What Does The Executor Of An Estate Do?
Probate and estate administration are complicated. The tasks involved are difficult, which is why courts appoint one person to oversee the process as the executor of estate. In addition to verifying the will, executors have several other responsibilities. However, that person does not always have the time or legal knowledge to fulfill their duties alone.
Many executors choose to work alongside an attorney to ensure that they take the right steps. With extensive knowledge of estate administration and probate, Law Offices of Kelton M. Burgess, LLC can help you if you are an executor for a Pennsylvania estate. Let us answer your questions today.
Identifying And Maintaining Assets
The executor is not only responsible for finding all assets that belong to the decedent, which can be a major challenge on its own. They must also reasonably maintain the value of those assets to prevent loss to the estate. For example, an executor may need to care for the decedent’s real estate properties until the estate is settled.
Our lead estate administration lawyer assists executors with locating hidden assets, verifying ownership of property, gathering the estate’s assets, appraising items and preserving them. Our research skills and attention to detail can allow executors to feel confident that all assets are accounted for and properly managed.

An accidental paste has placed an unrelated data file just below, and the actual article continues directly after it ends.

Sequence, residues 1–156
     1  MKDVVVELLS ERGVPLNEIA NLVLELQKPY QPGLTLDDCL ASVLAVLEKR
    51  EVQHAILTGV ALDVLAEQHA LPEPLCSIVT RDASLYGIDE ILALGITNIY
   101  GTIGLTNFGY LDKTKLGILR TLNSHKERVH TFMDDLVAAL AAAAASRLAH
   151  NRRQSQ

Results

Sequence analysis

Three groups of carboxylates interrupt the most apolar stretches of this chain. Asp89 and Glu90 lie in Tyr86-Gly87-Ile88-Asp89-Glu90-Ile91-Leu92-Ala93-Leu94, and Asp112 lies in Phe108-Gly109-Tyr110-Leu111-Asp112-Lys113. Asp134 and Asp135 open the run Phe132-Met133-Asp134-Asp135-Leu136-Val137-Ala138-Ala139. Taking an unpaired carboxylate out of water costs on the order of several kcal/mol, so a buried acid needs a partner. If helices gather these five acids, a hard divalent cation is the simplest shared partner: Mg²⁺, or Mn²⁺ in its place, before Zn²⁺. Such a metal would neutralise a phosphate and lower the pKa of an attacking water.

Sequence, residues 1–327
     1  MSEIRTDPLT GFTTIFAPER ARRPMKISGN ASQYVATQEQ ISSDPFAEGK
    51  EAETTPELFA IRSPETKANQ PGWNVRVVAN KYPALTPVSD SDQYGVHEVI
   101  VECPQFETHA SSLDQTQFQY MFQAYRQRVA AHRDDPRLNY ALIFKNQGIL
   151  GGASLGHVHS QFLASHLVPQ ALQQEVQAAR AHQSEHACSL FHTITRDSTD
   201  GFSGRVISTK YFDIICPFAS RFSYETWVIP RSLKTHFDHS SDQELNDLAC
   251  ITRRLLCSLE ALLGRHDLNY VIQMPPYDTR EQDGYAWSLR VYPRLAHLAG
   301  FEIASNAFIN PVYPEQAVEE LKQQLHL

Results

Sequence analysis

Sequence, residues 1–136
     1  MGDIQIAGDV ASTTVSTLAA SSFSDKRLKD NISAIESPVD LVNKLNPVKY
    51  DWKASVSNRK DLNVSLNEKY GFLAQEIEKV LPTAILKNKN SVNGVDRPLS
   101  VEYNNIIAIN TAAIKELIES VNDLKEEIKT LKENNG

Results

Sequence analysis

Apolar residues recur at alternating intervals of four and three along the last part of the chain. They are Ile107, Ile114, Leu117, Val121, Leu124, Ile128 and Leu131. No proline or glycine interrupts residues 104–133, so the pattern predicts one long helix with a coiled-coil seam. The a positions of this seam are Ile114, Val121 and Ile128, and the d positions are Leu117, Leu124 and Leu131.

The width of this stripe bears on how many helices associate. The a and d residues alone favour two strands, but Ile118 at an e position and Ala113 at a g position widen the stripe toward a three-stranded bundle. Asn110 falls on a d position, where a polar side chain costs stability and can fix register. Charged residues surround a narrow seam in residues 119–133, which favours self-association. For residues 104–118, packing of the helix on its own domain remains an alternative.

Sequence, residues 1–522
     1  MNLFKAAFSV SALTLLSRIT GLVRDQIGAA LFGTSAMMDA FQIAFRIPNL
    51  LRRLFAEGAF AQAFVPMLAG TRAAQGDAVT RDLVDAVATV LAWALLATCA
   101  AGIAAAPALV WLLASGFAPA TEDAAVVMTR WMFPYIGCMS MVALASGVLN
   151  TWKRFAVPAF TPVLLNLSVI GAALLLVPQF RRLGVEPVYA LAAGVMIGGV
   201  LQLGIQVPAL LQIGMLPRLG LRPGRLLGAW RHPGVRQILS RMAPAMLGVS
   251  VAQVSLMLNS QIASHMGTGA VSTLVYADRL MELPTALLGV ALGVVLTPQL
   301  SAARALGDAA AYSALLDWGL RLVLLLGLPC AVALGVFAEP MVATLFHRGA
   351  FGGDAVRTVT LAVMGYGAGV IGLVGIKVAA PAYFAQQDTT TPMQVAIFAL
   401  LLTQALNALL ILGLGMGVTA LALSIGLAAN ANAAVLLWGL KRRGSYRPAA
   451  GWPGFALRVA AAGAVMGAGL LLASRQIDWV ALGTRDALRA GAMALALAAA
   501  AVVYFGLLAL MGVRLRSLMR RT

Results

Facilitating Probate, Settling Debts And Distributing Inheritance
Next, the executor must distribute the estate’s assets through several tasks such as:
- Sending notice to creditors, including a public notice
- Contesting any invalid debts
- Paying the estate’s remaining debts with assets, which may require liquidation
- Filing estate taxes
- Transferring inheritance to heirs and beneficiaries
- Keeping accurate records regarding the transfer, sale, payment and distribution of assets
Due to the intricate nature of your role as executor, we pay close attention to each aspect of the estate and related legal matters. Our Pittsburgh attorney can also work with out-of-state executors for in-state assets.
Legal Counsel May Be Worthwhile For The Estate
Luckily, executors can use a portion of the estate’s assets to hire a skilled attorney. By investing in professional legal services, the estate itself could benefit by avoiding value losses, litigation and other issues. The executor can also gain the benefits of minimizing stress throughout the process. Call Law Offices of Kelton M. Burgess, LLC at 412-212-0273 or email us for a free consultation.